NOTICE: This is an archived press release. Information contained on this page may be outdated. Please refer to our latest press releases for up-to-date information.

Post date: January 5 2016

A.G. Schneiderman Leads Multistate Coalition Urging U.S. Supreme Court To Strike Two Provisions Of Texas Law That Substantially Limit Access To Abortion Services In That State

Schneiderman: New York Is Committed To Protecting A Woman’s Right To Access Safe Abortion Services Without Unwarranted Obstacles

New York’s Amicus Brief, Joined By 13 Other States And The District Of Columbia, Urges Court To Invalidate State Laws That Substantially Restrict Access To Abortion When They Purport to Advance Women’s Health But Do Not Actually Do So

The Brief Further Argues that A State Cannot Rely On Services Available In A Neighboring State To Show That Its Laws Do Not Create A Substantial Burden On Access To Abortion

NEW YORK – Attorney General Eric T. Schneiderman today announced, together with 13 other states and the District of Columbia, his office has filed a friend-of-the-court brief urging the U.S. Supreme Court to invalidate two provisions of Texas law that significantly restrict access to abortion services in that state. The provisions at issue—requiring doctors to have admitting privileges at a nearby hospital, and requiring clinics to comply with the standards for surgical clinics—were purportedly enacted to protect the health of women, but the trial court found that the provisions would not in fact protect women’s health and could even undermine it. Additionally, although the regulations would force the closure of the only clinic then remaining in Texas to serve the western part of the state, the court wrongly held that women in western Texas were not substantially burdened because they could access services in neighboring New Mexico. The amicus brief argues that each state is responsible for protecting the constitutional rights of persons within its borders, and cannot rely on the availability of services in a neighboring state.

Attorney General Schneiderman’s brief is joined by: California, Connecticut, Delaware, Hawai’i, Illinois, Iowa, Maryland, Maine, Massachusetts, Oregon, Vermont, Virginia, Washington, and the District of Columbia.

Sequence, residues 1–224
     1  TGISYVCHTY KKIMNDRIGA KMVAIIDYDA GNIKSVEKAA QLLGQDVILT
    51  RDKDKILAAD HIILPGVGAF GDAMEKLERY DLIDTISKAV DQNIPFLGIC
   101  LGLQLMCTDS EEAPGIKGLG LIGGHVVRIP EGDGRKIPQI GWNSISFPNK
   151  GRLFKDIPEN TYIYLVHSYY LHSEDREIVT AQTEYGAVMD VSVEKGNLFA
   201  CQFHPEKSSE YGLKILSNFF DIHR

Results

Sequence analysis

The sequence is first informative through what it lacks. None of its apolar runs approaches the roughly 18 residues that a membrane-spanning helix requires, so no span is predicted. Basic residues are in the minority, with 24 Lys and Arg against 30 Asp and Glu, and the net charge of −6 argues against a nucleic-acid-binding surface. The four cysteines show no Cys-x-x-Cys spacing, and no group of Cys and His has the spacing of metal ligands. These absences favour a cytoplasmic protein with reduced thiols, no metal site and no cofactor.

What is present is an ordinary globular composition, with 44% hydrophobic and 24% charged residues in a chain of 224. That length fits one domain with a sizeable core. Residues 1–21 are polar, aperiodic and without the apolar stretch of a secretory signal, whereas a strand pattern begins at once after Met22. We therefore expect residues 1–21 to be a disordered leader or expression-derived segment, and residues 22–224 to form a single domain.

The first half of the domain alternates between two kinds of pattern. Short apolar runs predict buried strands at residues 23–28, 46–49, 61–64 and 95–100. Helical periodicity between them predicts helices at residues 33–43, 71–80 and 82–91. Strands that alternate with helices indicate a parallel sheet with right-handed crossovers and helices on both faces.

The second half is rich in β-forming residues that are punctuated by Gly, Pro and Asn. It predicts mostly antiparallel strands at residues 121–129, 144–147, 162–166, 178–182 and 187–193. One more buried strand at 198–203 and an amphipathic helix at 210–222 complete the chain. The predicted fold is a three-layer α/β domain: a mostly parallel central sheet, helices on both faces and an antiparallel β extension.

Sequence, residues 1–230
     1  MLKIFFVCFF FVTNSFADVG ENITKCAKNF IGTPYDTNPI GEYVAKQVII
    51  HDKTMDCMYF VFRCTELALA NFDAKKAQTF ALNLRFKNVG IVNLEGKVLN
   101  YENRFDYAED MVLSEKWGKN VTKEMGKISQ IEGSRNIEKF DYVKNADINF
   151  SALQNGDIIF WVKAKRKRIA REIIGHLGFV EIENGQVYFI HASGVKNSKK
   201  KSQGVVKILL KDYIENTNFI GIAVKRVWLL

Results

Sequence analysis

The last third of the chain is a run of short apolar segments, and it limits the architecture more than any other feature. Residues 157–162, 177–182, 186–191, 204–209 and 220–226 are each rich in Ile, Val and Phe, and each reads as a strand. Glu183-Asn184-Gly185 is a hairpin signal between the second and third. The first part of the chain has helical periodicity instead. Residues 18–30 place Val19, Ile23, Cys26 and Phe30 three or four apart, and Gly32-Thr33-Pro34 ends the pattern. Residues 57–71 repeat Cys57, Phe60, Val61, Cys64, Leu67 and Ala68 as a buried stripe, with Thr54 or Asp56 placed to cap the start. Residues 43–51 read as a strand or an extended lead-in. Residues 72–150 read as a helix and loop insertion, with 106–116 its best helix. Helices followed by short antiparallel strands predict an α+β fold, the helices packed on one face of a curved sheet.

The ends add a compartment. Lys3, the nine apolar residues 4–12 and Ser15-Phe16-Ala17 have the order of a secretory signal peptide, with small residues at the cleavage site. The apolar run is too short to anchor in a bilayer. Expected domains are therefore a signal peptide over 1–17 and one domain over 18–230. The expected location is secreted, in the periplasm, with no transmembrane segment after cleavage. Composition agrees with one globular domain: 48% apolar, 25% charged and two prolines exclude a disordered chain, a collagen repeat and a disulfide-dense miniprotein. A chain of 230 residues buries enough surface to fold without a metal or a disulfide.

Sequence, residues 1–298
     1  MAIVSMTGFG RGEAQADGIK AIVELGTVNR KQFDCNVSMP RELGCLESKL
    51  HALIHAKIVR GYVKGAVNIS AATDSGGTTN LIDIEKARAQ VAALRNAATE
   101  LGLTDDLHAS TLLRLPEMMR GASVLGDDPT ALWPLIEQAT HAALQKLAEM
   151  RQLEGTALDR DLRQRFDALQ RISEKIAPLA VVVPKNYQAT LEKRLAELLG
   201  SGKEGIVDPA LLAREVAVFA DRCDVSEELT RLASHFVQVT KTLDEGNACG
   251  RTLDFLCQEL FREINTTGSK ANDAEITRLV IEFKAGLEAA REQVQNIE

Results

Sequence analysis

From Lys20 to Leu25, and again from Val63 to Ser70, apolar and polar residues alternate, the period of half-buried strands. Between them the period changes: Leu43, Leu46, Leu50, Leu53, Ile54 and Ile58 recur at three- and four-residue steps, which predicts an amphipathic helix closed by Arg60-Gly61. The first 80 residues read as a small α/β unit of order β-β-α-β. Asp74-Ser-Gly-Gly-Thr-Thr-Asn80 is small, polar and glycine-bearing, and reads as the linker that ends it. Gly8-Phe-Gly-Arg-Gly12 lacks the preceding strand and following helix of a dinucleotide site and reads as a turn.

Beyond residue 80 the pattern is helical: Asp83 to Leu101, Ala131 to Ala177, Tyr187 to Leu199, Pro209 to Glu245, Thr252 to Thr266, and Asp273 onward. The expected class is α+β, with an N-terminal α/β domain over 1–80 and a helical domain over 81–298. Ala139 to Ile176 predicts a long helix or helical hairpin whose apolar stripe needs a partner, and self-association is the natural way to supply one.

“The Constitution protects a woman’s right to access abortion services,” said Attorney General Schneiderman. “Yet we are seeing a proliferation of burdensome abortion restrictions such as those at issue here that are touted as public health measures, but do not actually promote women’s health or safety and stand contrary to medical evidence. We urge the Supreme Court to rule that states cannot adopt baseless restrictions that burden or deny the constitutional right to access abortion services.”

The Texas provisions at issue in the case require that all abortion clinics comply with standards applicable to ambulatory surgical centers and that any physician performing an abortion hold admitting privileges at a hospital within thirty miles of the location where the abortion is performed. While the provisions were purportedly enacted to promote women’s health, the evidence in the case of Whole Woman’s Health v. Cole overwhelmingly established that the provisions would not serve that purpose and could even undermine it. As a result, a federal district court in Texas enjoined the provisions’ enforcement. The U.S. Court of Appeals for the Fifth Circuit reversed the district court’s decision and upheld them (except that it enjoined the enforcement of each provision at a single abortion clinic), finding that it was required to defer to the state’s judgment in the matter. The Fifth Circuit additionally upheld the provisions even as applied to the only Texas abortion clinic remaining within 550 miles of El Paso, reasoning that the women in that western part of the State could access abortion services in the neighboring state of New Mexico. The U.S. Supreme Court stayed enforcement of the Texas provisions and thereafter granted certiorari to review the Fifth Circuit’s decision.

In the states’ brief, Attorney General Schneiderman argues that when a state adopts a burdensome abortion regulation that purports to advance its interest in women’s health, it should be required to demonstrate that the regulation will actually advance that interest. Review under this standard allows states to regulate in the interest of health and safety, while safeguarding a woman’s right to access abortion services from unwarranted and burdensome infringements.

The states’ brief additionally argues that the availability of abortion services outside a state is irrelevant to the question whether a particular abortion regulation unduly burdens the right to access abortion services. The obligation to preserve the constitutional rights of persons within its borders rests with each state individually and is unaffected by the choices of other states. A contrary rule would have serious adverse consequences: it would create uncertainly about the ongoing constitutionality of a state’s law in light of changing circumstances in neighboring states, limit the regulatory choices of neighboring states, and strain the healthcare systems of those neighboring states. 

The brief was prepared by New York Solicitor General Barbara D. Underwood, Deputy Solicitor General Andrea Oser and Senior Assistant Solicitor General Claude S. Platton.

The Attorney General’s Office is committed to protecting and ensuring full access to reproductive health services. To file a complaint, contact the Office’s Civil Rights Bureau at or 212-416-8250. 

Groups audience: